THX, Ltd. v. Apple, Inc.

Filing 352

ORDER by Judge Haywood S. Gilliam, Jr., DENYING 249 Motion to Amend/Correct Complaint and Infringement Contentions; GRANTING 251 Motion to Amend/Correct Infringement Contentions; and DENYING 261 Administrative Motion for Relief from Nondispositive Pretrial Order. (hsglc2S, COURT STAFF) (Filed on 9/29/2017)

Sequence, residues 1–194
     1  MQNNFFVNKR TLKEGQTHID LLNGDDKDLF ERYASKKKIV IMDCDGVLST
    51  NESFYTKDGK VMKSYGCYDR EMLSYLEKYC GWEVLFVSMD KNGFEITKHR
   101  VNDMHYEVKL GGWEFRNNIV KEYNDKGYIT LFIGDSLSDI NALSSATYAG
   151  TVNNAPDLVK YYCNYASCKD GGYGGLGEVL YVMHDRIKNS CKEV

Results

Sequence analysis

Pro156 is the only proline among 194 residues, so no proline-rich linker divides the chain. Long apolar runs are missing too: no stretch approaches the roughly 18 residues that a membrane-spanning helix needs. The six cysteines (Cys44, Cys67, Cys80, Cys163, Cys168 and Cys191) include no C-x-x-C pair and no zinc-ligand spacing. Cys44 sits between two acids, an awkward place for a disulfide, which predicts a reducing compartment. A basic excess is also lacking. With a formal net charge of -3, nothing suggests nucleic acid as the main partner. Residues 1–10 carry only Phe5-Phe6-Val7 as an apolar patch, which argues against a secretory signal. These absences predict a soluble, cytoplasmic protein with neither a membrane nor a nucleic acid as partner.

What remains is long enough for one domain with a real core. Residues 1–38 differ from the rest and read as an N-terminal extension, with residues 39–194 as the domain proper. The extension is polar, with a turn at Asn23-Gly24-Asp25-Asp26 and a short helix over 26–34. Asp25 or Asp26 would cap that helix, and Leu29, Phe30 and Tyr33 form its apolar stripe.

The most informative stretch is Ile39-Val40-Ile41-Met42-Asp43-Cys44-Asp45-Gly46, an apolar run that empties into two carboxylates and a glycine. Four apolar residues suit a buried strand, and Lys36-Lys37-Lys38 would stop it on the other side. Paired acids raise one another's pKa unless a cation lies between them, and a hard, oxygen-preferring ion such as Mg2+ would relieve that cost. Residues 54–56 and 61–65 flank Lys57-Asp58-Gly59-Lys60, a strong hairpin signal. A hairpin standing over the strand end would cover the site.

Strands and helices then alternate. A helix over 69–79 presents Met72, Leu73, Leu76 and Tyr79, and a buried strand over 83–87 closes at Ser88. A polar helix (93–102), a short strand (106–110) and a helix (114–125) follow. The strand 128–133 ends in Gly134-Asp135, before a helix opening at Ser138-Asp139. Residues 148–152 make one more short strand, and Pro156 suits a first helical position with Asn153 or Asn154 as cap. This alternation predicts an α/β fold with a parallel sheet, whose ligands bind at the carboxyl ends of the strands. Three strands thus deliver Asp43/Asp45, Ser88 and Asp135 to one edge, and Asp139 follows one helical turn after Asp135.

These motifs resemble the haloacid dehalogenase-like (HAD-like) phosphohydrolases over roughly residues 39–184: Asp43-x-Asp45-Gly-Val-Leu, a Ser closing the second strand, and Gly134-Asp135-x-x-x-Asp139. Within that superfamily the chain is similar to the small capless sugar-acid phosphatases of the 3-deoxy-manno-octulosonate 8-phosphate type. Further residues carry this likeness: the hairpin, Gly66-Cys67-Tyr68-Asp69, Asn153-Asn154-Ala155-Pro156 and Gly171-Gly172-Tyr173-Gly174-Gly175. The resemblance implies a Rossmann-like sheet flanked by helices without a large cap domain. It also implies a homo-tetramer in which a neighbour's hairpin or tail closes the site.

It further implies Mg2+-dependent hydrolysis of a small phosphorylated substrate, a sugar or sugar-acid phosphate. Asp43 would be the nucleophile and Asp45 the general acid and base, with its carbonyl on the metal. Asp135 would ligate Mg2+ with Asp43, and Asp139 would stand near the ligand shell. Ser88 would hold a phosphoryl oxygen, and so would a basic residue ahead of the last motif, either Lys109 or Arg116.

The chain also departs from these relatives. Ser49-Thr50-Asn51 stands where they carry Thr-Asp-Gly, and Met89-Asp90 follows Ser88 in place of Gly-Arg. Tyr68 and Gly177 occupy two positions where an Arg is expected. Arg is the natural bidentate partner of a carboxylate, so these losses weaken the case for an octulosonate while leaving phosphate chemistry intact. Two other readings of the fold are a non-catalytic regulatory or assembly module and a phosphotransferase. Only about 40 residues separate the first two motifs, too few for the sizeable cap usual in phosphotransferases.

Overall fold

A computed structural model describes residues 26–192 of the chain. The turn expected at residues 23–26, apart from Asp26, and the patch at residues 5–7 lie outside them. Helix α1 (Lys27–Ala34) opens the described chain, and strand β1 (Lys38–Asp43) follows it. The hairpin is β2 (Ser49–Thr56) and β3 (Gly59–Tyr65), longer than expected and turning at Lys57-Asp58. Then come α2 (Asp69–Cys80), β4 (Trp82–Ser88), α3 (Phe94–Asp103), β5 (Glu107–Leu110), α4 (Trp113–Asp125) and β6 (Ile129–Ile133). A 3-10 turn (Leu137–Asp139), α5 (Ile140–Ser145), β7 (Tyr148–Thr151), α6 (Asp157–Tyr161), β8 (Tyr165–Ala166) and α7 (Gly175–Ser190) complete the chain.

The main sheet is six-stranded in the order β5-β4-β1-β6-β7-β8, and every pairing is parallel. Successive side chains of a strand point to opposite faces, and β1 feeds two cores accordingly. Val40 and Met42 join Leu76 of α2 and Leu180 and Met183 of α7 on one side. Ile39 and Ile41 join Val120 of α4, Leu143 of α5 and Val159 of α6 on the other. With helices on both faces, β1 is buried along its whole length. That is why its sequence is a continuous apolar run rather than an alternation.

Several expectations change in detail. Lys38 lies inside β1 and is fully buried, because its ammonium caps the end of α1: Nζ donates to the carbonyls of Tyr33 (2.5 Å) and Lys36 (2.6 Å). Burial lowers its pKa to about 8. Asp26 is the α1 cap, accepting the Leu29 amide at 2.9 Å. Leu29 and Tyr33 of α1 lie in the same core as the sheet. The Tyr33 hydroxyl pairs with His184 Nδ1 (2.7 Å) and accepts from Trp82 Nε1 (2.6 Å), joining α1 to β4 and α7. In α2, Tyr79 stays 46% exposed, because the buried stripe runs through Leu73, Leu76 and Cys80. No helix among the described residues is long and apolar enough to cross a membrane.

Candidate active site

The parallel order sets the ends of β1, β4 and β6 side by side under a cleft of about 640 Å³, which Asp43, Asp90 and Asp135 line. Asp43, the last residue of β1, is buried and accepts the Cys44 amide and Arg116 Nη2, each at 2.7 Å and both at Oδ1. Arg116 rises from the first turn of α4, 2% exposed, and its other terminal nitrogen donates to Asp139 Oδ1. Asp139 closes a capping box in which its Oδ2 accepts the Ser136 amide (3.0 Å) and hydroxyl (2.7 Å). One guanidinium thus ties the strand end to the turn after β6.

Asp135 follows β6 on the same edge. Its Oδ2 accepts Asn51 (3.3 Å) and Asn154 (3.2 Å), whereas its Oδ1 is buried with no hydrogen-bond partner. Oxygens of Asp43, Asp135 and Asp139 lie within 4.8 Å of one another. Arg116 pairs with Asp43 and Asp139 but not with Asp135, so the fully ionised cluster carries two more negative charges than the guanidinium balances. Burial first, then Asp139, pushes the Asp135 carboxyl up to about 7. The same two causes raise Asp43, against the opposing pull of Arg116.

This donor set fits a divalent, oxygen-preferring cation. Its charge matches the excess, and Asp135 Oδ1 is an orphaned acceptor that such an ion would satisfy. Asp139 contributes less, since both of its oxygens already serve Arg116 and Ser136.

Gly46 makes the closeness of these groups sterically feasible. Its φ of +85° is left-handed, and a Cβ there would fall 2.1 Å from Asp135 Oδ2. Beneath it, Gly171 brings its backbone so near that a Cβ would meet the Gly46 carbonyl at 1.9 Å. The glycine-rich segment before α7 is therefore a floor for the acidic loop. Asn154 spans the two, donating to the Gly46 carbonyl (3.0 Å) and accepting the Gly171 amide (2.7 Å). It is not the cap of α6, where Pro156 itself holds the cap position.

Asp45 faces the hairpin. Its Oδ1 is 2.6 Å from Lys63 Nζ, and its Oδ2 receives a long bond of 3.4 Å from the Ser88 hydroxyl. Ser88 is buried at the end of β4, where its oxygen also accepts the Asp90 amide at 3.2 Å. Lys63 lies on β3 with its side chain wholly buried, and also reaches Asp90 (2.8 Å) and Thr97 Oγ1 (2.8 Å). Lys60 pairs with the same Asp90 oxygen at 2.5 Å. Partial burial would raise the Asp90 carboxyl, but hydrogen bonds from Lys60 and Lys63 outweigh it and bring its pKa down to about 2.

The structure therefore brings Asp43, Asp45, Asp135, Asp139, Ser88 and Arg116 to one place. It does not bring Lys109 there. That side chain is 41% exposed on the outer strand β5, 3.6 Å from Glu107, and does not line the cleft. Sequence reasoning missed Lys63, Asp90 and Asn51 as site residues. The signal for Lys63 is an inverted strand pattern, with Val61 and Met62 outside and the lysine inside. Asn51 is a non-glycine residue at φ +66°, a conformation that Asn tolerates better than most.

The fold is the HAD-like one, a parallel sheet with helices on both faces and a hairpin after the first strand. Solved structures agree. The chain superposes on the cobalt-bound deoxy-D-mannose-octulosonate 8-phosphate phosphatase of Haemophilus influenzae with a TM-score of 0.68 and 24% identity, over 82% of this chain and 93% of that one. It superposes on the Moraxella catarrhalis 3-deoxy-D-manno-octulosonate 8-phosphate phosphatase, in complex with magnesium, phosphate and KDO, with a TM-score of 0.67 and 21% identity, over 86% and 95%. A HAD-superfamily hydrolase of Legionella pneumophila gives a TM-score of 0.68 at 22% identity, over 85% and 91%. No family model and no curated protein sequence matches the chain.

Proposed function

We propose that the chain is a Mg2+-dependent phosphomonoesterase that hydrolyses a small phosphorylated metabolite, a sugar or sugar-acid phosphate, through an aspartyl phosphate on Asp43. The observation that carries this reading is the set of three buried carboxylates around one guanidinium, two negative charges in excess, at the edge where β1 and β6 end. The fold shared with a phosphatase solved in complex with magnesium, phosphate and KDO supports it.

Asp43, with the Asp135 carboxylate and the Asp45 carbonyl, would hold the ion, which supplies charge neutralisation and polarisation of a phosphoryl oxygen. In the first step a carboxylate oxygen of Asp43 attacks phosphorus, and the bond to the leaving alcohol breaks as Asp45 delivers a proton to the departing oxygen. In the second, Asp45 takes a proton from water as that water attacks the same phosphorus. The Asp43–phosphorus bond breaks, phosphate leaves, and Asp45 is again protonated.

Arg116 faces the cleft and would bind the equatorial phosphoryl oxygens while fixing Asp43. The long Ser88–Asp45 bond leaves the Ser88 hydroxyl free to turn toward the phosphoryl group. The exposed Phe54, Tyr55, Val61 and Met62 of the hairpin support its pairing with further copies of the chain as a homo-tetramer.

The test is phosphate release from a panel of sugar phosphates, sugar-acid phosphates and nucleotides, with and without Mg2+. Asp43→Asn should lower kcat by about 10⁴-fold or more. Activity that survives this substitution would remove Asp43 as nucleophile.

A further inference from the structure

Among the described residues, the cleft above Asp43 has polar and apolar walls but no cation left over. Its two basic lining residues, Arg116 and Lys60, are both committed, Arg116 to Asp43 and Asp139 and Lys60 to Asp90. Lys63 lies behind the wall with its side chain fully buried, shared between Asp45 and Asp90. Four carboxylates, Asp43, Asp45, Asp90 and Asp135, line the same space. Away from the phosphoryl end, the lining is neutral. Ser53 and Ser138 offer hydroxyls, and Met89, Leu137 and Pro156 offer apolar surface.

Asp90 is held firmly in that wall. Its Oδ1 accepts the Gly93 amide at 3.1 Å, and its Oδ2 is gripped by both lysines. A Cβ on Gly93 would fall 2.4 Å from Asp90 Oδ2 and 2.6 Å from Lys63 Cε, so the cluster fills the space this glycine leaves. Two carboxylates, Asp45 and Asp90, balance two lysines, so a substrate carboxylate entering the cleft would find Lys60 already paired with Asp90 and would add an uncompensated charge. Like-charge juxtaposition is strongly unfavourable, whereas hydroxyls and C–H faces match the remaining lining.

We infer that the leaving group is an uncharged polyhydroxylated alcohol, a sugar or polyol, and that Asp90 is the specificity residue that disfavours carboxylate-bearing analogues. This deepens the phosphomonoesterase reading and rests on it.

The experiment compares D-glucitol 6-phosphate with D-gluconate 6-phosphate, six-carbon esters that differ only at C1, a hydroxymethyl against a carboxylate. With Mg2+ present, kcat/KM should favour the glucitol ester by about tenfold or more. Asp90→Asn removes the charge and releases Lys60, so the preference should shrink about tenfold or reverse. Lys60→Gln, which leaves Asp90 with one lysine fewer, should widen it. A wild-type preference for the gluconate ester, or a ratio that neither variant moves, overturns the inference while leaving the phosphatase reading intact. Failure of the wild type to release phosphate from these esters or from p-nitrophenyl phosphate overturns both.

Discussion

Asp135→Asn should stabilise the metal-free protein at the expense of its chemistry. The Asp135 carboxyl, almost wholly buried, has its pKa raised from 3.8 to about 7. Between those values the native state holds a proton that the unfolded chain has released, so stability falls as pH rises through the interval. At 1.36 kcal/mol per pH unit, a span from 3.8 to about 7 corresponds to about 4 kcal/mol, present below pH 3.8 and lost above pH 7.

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1 2 3 4 UNITED STATES DISTRICT COURT 5 NORTHERN DISTRICT OF CALIFORNIA 6 7 SLOT SPEAKER TECHNOLOGIES, INC., Plaintiff, 8 APPLE, INC., Defendant. 11 United States District Court Northern District of California ORDER GRANTING IN PART AND DENYING IN PART MOTIONS TO AMEND AND DENYING MOTIONS FOR ADMINISTRATIVE RELIEF v. 9 10 Case No.13-cv-01161-HSG Re: Dkt. Nos. 249, 251, 261 12 On July 11, 2013, Plaintiff Slot Speaker Technologies, Inc. (formerly THX, Ltd.) filed the 13 14 currently operative first amended complaint against Defendant Apple, Inc., alleging infringement 15 of two patents for “Narrow Profile Speaker Configurations and Systems”: (1) United States Patent 16 No. 7,433,483 (the “483 patent”) and (2) United States Patent No. 8,457,340 (the “340 patent”) 17 (collectively, the “patents-in-suit”). Dkt. No. 12. On November 4, 2016, the Court issued its 18 claim construction order, in which it construed six disputed claim terms. Dkt. No. 206. Pending before the Court are several motions by both parties regarding their respective 19 20 infringement and invalidity contentions. Dkt. Nos. 249, 251, 261. The Court finds these matters 21 appropriate for disposition without oral argument and the matters are deemed submitted. See Civil 22 L.R. 7-1(b). For the reasons detailed below, the motions are DENIED in part. 23 I. 24 LEAVE TO AMEND COMPLAINT AND INFRINGEMENT CONTENTIONS Plaintiff seeks to amend its operative complaint and patent infringement contentions to add 25 a willful infringement claim against Defendant and to conform its infringement contentions to the 26 Court’s claim construction order. 27 28 As a general rule, leave to amend a complaint should be freely granted “when justice so requires.” Fed. R. Civ. P. 15(a)(2). However, the Court must also consider whether the 1 amendment is unduly delayed, would cause Defendant undue prejudice, is sought in bad faith, or 2 is futile. See Bowles v. Reade, 198 F.3d 752, 757–58 (9th Cir. 1999). If the Court has “already 3 granted a plaintiff leave to amend, its discretion in deciding subsequent motions to amend is 4 particularly broad.” See Chodos v. W. Publ’g Co., 292 F.3d 992, 1003 (9th Cir. 2002). 5 However, the Patent Local Rules also “require parties to state early in the litigation and 6 with specificity their contentions with respect to infringement and invalidity. The ability of parties 7 to amend those contentions is restricted.” O2 Micro Int’l Ltd. v. Monolithic Power Sys., Inc., 467 8 F.3d 1355, 1359–60 (Fed. Cir. 2006). Patent Local Rule 3–6 provides that amendment of 9 infringement contentions “may be made only by order of the Court upon a timely showing of good 10 cause.” Pat. L.R. 3–6. United States District Court Northern District of California 11 A. 12 Plaintiff first seeks to amend its complaint and related infringement contentions to assert a Willfulness Claim (Dkt. No. 249) 13 claim for willful patent infringement, and enhanced damages under 35 U.S.C. § 284, based on 14 Defendant’s post-suit manufacturing and sale of products that allegedly infringe the patents-in- 15 suit. See Dkt. No. 249. Plaintiff lists 14 new products that Defendant manufactured and brought 16 to market despite having notice of its alleged infringing conduct when Plaintiff filed and served its 17 complaint. Id. at 2. 18 First, based on the record, the Court finds that Plaintiff unduly delayed in seeking leave to 19 amend and failed to act with the requisite diligence in asserting a willful infringement claim based 20 on Defendant’s post-suit conduct. As an initial matter, the Court notes that Plaintiff seeks to add 21 this claim over three years after it filed its amended complaint. Moreover, as Plaintiff emphasizes 22 in its motion, Defendant “released these products over a three-year span after the Complaint was 23 filed.” Dkt. No. 249 at 2. The first post-suit products that Plaintiff identifies are the iPhone 5c 24 and iPhone 5s, which Plaintiff indicates were released in September 2013. See Dkt. No. 249 at 2. 25 Plaintiff did not attempt to amend its complaint to add a willfulness claim based on these products 26 for over three years. Plaintiff does not argue that it only recently discovered these infringing 27 products. Nor could it. At least as early as November 2015, Plaintiff was aware of at least some 28 of these products and requested that the Court grant leave for it to add them — the iPhone 6s, 2 1 iPhone 6s Plus, iPad Mini 4, and iPad Pro — to its infringement contentions. See Dkt. No. 52. In 2 support of its motion, Plaintiff identified the products’ precise release dates, ranging from 3 September 4, 2015, to November 11, 2015, and indicated that “[d]ue to apparent high demand, 4 [Plaintiff] was not able to obtain the iPhone 6s and iPhone 6s Plus until a few weeks after they 5 were initially made available to the public . . . .” Id. at 2. The Court granted Plaintiff’s request, 6 Dkt. No. 53, yet Plaintiff did not seek to amend the complaint to add a willful infringement claim 7 at that time. Then in December 2016, Plaintiff sought an order permitting it to amend its 8 infringement contentions to add the iPhone 7 and the iPhone 7 Plus. See Dkt. No. 222. The Court 9 granted the request. See Dkt. No. 228. But Plaintiff did not request to amend the complaint at that 10 United States District Court Northern District of California 11 time either. Plaintiff offers two explanations for its considerable delay, suggesting that the validity of 12 its willfulness claim turned on two later developments: (1) the Supreme Court’s 2016 decision in 13 Halo Electronics, Inc. v. Pulse Electronics, Inc., 136 S. Ct. 1923, 1928 (2016); and 14 (2) Defendant’s “eroding” defenses, see Dkt. No. 69 at 2. The Court is not persuaded by either 15 ground for delay. Plaintiff states that “Halo made it considerably easier to establish willful 16 infringement by eliminating the former ‘objective recklessness’ bar to willfulness in cases where 17 the defendant presented a legitimate defense to liability, regardless of the any other evidence.” 18 Dkt. No. 249 at 5 (citing Halo, 136 S. Ct. at 1932–36). But Plaintiff does not explain how the 19 former “objective recklessness” standard precluded a cognizable willful infringement claim 20 against Defendant for its post-suit conduct in this case. To the contrary, Plaintiff states that 21 “[e]ven under the more stringent, former [In re Seagate Tech., LLC, 497 F.3d 1360 (Fed. Cir. 22 2007)] standard, the allegation that [Defendant] knew of the Patents-in-Suit once the action was 23 filed and persisted in infringing would be sufficient to state a claim.” Dkt. No. 269 at 3. And in 24 any event, the Supreme Court decided Halo over six months before Plaintiff filed its pending 25 motion to amend its infringement contentions. The Court also is not persuaded by Plaintiff’s 26 argument that its delay can be explained by the evolving strength or weakness of Defendant’s 27 defenses. See Dkt. No. 269 at 5 (“[Defendant’s] defenses have progressively and substantially 28 weakened in the course of this case.”). As Plaintiff takes pains to point out, under Halo, infringers 3 1 can no longer escape liability for enhanced damages by “muster[ing] a reasonable (even though 2 unsuccessful) defense at the infringement trial.” Halo, 136 S. Ct. at 1933. 3 Second, the Court is not persuaded by Plaintiff’s conclusory assertion that Defendant 4 would not be prejudiced by this amendment. The case has been pending for three years already 5 and discovery — which the Court has extended several times — has already concluded. See, 6 e.g., Lockheed Martin Corp. v. Network Solutions, Inc., 194 F.3d 980, 986 (9th Cir. 1999). 7 Further delaying the case is particularly unwarranted where, as here, Plaintiff has known about the 8 facts and legal theories giving rise to its amendments since at least 2013. Cf. Acri v. Int’l Ass’n of 9 Machinists & Aerospace Workers, 781 F.2d 1393, 1398 (9th Cir.1986). 10 And finally, the Court finds that as currently asserted, adding a willful infringement claim United States District Court Northern District of California 11 in this case would be futile. The Supreme Court in Halo emphasized the discretionary, flexible 12 nature of enhanced damages under § 284, while nevertheless cautioning that “such punishment 13 should generally be reserved for egregious cases typified by willful misconduct.” Halo, 136 S. Ct. 14 at 1934. The Court further noted that “[a] patent infringer’s subjective willfulness, whether 15 intentional or knowing, may warrant enhanced damages, without regard to whether his 16 infringement was objectively reckless.” Id. at 1933. Yet here, Plaintiff points to Defendant’s 17 post-suit manufacturing and sales as the exclusive evidence of Defendant’s willful infringement. 18 Plaintiff provides no specific factual allegations about Defendant’s subjective intent or details 19 about the nature of Defendant’s conduct to render a claim of willfulness plausible, and not merely 20 possible. See Bell Atl. Corp. v. Twombly, 550 U.S. 544, 570 (2007); see also Finjan, Inc. v. Cisco 21 Sys. Inc., No. 17-CV-00072-BLF, 2017 WL 2462423, at *5 (N.D. Cal. June 7, 2017). Defendant’s 22 ongoing manufacturing and sales, on their own, are equally consistent with a defendant who 23 subjectively believes the plaintiff’s patent infringement action has no merit. Plaintiff has not cited 24 a case that stands for the broad proposition that a defendant must cease all allegedly infringing 25 conduct once a complaint is filed in order to avoid a willful infringement claim. Cf. Halo, 136 S. 26 Ct. at 1936 (“[T]he Court’s references to ‘willful misconduct’ do not mean that a court may award 27 enhanced damages simply because the evidence shows that the infringer knew about the patent 28 and nothing more.”) (Breyer, J., concurring). 4 1 Because the Court declines to grant leave to amend the complaint there is no need to 2 amend the infringement contentions to track the willfulness allegation. Accordingly, the motion is 3 DENIED in its entirety. “Groundplane Audio Speaker System” Construction (Dkt. No. 251) 4 B. 5 Plaintiff next seeks to amend its infringement contentions based on the Court’s construction of “groundplane audio speaker system.” In its November 4, 2016, claim construction 7 order, the Court rejected both parties’ interpretations and instead determined that the proper 8 construction of the term is “an audio speaker with system with a drive unit that can be configured 9 to face a groundplane, that is, a flat reflecting surface that is distinct from the internal reflecting 10 surface immediately facing the drive unit.” Dkt. No. 206 at 20. Under Patent Local Rule 3–6, 11 United States District Court Northern District of California 6 Plaintiff must show that it has made a “timely showing of good cause” to warrant the amendment. 12 Pat. L.R. 3–6. One example of a circumstance that “may, absent undue prejudice to the non- 13 moving party, support a finding of good cause” is “[a] claim construction by the Court different 14 from that proposed by the party seeking amendment.” Pat. L.R. 3–6(a). Still, “good cause 15 requires a showing of diligence.” O2 Micro, 467 F.3d at 1366 (quotation omitted). 16 Consequently, “differing claim construction in and of itself does not constitute good cause 17 [to amend invalidity contentions].” Verinata Health, Inc. v. Sequenom, Inc., No. C 12-00865 SI, 18 2014 WL 789197, at *2 (N.D. Cal. Feb. 26, 2014) (quotation omitted). Rather, courts generally 19 evaluate diligence from the time the parties exchanged proposed constructions. Id. At that time, 20 the parties are “aware of the risk that the Court could adopt these constructions.” Id. The Court 21 nevertheless finds good cause here where the Court did not adopt the construction of “groundplane 22 audio speaker system” proposed by either party. Plaintiff was therefore unaware of this 23 construction until the Court issued its order. Accord Apple Inc. v. Samsung Elecs. Co., No. 12- 24 CV-0630-LHK PSG, 2013 WL 3246094, at *6 (N.D. Cal. June 26, 2013); GPNE Corp. v. Apple 25 Inc., No. 512CV02885LHKPSG, 2013 WL 6157930, at *2 (N.D. Cal. Nov. 22, 2013) (finding 26 diligence where moving party “could not have anticipated the full scope of the amendments 27 needed without the court’s claims construction order before it,” because it “departed” from the 28 parties’ proposed constructions). The parties also both agree that the amendment will not alter the 5 1 current case schedule. See Dkt. No. 251 at 3. Considering all the circumstances in this case, the 2 unopposed motion is GRANTED. 3 II. 4 RELIEF FROM NONDISPOSITIVE PRETRIAL ORDERS Plaintiff also seeks relief from an order by Magistrate Judge Ryu regarding Defendant’s 5 invalidity contentions. The Court finds that Judge Ryu’s order is well-reasoned and legally 6 correct, and accordingly DENIES the motion. 7 Under Federal Rule of Civil Procedure 72, a district judge may set aside a magistrate 8 judge’s non-dispositive pretrial order only if it is “clearly erroneous or contrary to law.” Fed. R. 9 Civ. P. 72(a); see also 28 U.S.C. § 636(b)(1)(A). “The magistrate’s factual determinations are reviewed for clear error, and the magistrate’s legal conclusions are reviewed to determine whether 11 United States District Court Northern District of California 10 they are contrary to law.” Perry v. Schwarzenegger, 268 F.R.D. 344, 348 (N.D. Cal. 2010). A 12 district court may overturn the “magistrate’s factual determinations only if the court reaches a 13 definite and firm conviction that a mistake has been committed.” Id. (quotation omitted). “This 14 standard is extremely deferential and the Magistrate’s rulings should be considered the final 15 decisions of the [d]istrict [c]ourt.” Otey v. CrowdFlower, Inc., No. 12-CV-05524-JST, 2013 WL 16 3456942, at *1 (N.D. Cal. July 8, 2013) (quotation omitted). Plaintiff’s Motion to Strike Invalidity Contentions (Dkt. No. 261) 17 A. 18 On January 19, 2017, Judge Ryu granted in part and denied in part Plaintiff’s motion to 19 strike Defendant’s invalidity contentions. See Dkt. No. 248. Plaintiff now asserts that the order 20 contained legal error because it did not require Defendant to disclose any “motivations to 21 combine” in support of its obviousness contentions or establish good cause to amend its invalidity 22 contentions. 23 24 25 26 27 28 Plaintiff first argues that the order violates Patent Local Rule 3-3(b), which requires invalidity contentions to contain: Whether each item of prior art anticipates each asserted claim or renders it obvious. If obviousness is alleged, an explanation of why the prior art renders the asserted claim obvious, including an identification of any combinations of prior art showing obviousness. Pat. L.R. 3.3(b) (emphasis added). Plaintiff states that this obviousness explanation necessarily 6 1 must include the asserted motivations to combine. Yet as Plaintiff acknowledges, the current Rule 2 does not specifically require parties to identify motivations to combine. See Dkt. No. 261 at 2. 3 The explicit requirement to identify the motivation to combine in invalidity contentions was 4 removed from the Patent Local Rules in 2008.1 By its plain language, the Rule now only requires 5 that a defendant’s invalidity contentions include some explanation of why the prior art references 6 render the plaintiff’s asserted claims obvious. Accord Fujifilm Corp. v. Motorola Mobility LLC, 7 No. 12-CV-03587-WHO, 2015 WL 757575, at *31 (N.D. Cal. Feb. 20, 2015). It does not, 8 however, dictate what information constitutes a sufficient explanation of obviousness. As the Magistrate Judge stated, at least one court in this district has analyzed the scope of 9 Rule 3-3(b) as it pertains to identifying the motivation to combine in invalidity contentions. In 11 United States District Court Northern District of California 10 Fujifilm Corp. v. Motorola Mobility LLC, the plaintiff brought a motion to strike portions of two 12 expert reports that included motivation to combine explanations that had not been in the 13 defendant’s invalidity contentions. No. 12-CV-03587-WHO, 2015 WL 757575, at *31 (N.D. Cal. 14 Feb. 20, 2015). The court framed the question before it as whether the Patent Local Rules require 15 the disclosure of motivations to combine. Id. The court concluded they did not: “While [Patent 16 L.R. 3-3(b)] requires the disclosure of some explanation of obviousness, it does not require that 17 the explanation include motivations to combine.” Id. Therefore, the Court denied Plaintiff’s 18 motion to strike the new motivation to combine explanations proffered by the defendant’s experts. 19 Id. Plaintiff asserts that the 2008 amendment to Rule 3-3(b) was intended to broaden, not 20 21 narrow, the required explanation of obviousness based on the Supreme Court’s holding in KSR 22 Int’l Co. v. Teleflex Inc., 550 U.S. 398, 417 (2007). See Dkt. No. 261 at 2. The plaintiff in 23 Fujifilm made a similar argument, relying on the same case, and the Court agrees with the district 24 court’s reasoning there that KSR is not on point. Although motivations to combine are certainly 25 relevant to an obviousness inquiry, see KSR, 550 U.S. at 417 (“[I]t can be important to identify a 26 27 28 1 The former version of the Rule stated that “[i]f a combination of items of prior art makes a claim obvious, each such combination, and the motivation to combine such items, must be identified.” O2 Micro, 467 F.3d at 1359, n.4 (emphasis added). 7 1 reason that would have prompted a person of ordinary skill in the art to combine the elements as 2 the new invention does.”), KSR involved substantive analysis at the motion to dismiss stage and 3 said nothing about what must be disclosed at the outset of a case in invalidity contentions. The 4 Court, therefore, agrees that Defendant must offer an adequate explanation of its invalidity 5 theories, but “[t]he patent local rules . . . do not compel disclosure of all evidence relevant to proof 6 of those theories.” Dkt. No. 248 at 14. Plaintiff also contends that the Magistrate Judge erred by granting Defendant leave to 7 8 amend its invalidity contentions without first establishing Defendant had good cause to do so. The 9 Court finds that Plaintiff too narrowly interprets the Magistrate Judge’s order, and in any event, no mistake has been made. Perry, 268 F.R.D. at 348. In its motion to strike, Plaintiff argued that 11 United States District Court Northern District of California 10 Defendant should not be granted leave to amend because it failed to comply with the Patent Local 12 Rules. See Dkt. No. 157 at 24. The Magistrate Judge pointed out that Plaintiff cited no legal 13 authority for such a sweeping limitation on granting leave to amend. Even now, the only case 14 Plaintiff alleges is one in which this Court struck open-ended language such as “including but not 15 limited to” from the plaintiff’s infringement contentions, but explicitly left open the plaintiff’s 16 ability to seek leave to amend for later discovered conduct. See Finjan, Inc. v. Proofpoint, Inc., 17 No. 13-CV-05808-HSG, 2015 WL 1517920, at *12 (N.D. Cal. Apr. 2, 2015). Here, in contrast, 18 the Magistrate Judge concluded that Defendant’s invalidity contentions required more specificity 19 to satisfy the Local Rules. See generally Dkt. No. 248. The Magistrate Judge did not, as Plaintiff 20 would have it, conclude that any of Defendant’s allegations were mere placeholders. Accordingly, 21 Finjan is inapposite and Plaintiff provides no other authority that should prohibit the Magistrate 22 Judge from granting leave to amend. Plaintiff’s motion for administrative relief is therefore 23 DENIED. 24 III. 25 26 CONCLUSION Accordingly, the Court:  to add a willfulness claim; 27 28 DENIES Plaintiff’s motion to amend its complaint and infringement contentions  GRANTS Plaintiff’s unopposed motion to amend its infringement contentions to 8 conform to the Court’s construction of “Groundplane Audio Speaker System”; and 1 2 3 4 5 6  DENIES Plaintiff’s administrative motion for relief from the Magistrate Judge’s order striking Defendant’s invalidity contentions, but allowing leave to amend. The current case schedule remains in effect. See Dkt. No. 351. IT IS SO ORDERED. Dated: 9/29/2017 7 8 HAYWOOD S. GILLIAM, JR. United States District Judge 9 10 United States District Court Northern District of California 11 12 13 14 15 16 17 18 19 20 21 22 23 24 25 26 27 28 9